Save to Project icon | Request Permissions | Click to expandQuick Abstract | PDF file iconPDF (1011 KB) |  | HTML iconHTML  

    We describe a bidirectional impedance-modulation wireless data link for implanted neural prostheses. The link uses near-field inductive coupling between the implanted system and an external transceiver. It is designed to minimize power consumption in the implanted system and support high data rates in the uplink direction (from the implanted to the external system). Experimental results demonstrate data transfer rates up to 5.8 Mbps in the uplink direction and 300 kbps in the downlink direction at a link distance of 2 cm. The link dissipates 100 muW in the implanted system and 2.5 mW in the external system, making it among the most power-efficient inductive data links reported. View full abstract»

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  • A Mixed-Signal Multi-Chip Neural Recording Interface with Bandwidth Reduction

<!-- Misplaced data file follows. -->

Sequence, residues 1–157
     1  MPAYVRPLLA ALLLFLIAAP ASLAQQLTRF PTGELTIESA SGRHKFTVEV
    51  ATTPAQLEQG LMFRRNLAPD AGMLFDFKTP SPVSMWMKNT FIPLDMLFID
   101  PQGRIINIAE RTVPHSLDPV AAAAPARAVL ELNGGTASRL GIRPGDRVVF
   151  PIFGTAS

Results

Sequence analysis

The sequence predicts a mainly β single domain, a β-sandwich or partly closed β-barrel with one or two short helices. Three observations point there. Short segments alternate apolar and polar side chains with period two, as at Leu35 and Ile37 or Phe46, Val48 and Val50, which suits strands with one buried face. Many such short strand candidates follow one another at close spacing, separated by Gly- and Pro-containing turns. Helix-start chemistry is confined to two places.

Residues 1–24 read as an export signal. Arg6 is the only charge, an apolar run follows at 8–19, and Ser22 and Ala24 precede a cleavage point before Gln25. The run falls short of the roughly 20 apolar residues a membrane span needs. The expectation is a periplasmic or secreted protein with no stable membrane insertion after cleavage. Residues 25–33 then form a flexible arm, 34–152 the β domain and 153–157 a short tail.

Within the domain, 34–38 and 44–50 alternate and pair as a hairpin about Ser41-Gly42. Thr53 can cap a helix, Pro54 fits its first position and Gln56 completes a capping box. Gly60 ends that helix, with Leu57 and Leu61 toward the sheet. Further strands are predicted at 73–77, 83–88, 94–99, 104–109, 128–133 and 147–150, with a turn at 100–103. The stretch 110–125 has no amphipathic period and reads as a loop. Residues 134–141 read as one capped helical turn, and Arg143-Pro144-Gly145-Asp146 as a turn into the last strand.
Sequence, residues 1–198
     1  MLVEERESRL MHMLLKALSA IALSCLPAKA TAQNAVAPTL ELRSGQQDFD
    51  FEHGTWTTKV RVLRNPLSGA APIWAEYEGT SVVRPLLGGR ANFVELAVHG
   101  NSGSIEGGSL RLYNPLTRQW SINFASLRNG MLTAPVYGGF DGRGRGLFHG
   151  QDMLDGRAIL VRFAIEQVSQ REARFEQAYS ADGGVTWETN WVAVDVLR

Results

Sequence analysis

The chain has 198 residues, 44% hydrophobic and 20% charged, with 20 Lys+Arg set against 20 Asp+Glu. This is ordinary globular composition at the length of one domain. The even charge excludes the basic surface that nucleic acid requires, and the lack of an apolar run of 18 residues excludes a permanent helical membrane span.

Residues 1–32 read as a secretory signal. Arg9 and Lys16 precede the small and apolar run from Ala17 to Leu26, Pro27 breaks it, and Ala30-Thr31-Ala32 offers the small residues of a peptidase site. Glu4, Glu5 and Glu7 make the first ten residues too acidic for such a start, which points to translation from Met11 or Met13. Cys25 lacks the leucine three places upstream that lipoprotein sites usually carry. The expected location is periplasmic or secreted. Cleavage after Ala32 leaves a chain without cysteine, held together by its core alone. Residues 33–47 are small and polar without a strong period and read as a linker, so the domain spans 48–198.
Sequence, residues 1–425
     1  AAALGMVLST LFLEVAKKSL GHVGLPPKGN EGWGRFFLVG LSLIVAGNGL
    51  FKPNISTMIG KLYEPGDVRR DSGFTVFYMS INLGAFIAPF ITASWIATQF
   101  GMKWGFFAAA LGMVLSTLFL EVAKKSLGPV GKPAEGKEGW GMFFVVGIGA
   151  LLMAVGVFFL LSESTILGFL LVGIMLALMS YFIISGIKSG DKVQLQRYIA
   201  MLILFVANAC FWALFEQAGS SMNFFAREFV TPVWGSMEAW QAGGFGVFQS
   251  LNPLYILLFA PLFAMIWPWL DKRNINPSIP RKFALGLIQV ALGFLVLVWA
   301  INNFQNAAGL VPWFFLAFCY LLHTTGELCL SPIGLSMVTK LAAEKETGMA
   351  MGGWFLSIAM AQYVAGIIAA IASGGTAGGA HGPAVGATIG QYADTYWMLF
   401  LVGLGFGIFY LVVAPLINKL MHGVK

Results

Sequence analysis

Page(s): 49 - 52
    Save to Project icon | Request Permissions | Click to expandQuick Abstract | PDF file iconPDF (2428 KB) |  | HTML iconHTML  

    We present the design of a multi-chip neural interface intended for multi-channel neural recording. The design features a mixed-signal part that handles neural signal conditioning, digitization and time-division multiplexing, and a digital part that provides control, bandwidth reduction, and serial communications towards a host interface. The two CMOS 0.18-mum fabricated embedded circuits that implement both parts are directly mounted on the back of a medical-grade stainless steel microelectrodes array and wire-bonded to its post-processed base. The presented neural interface integrates 16 channels for validation; however, the proposed approach is scalable to larger channel counts. In fact, it is suitable to implement microsystems including several hundreds of recording channels. The performance of the implemented multi-channel interface was validated with real neural waveforms. View full abstract»

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  • Optimization criteria in the design of medical UWB radars in compliance with the regulatory masks

    Page(s): 53 - 58
    Save to Project icon | Request Permissions | Click to expandQuick Abstract | PDF file iconPDF (1079 KB) |  | HTML iconHTML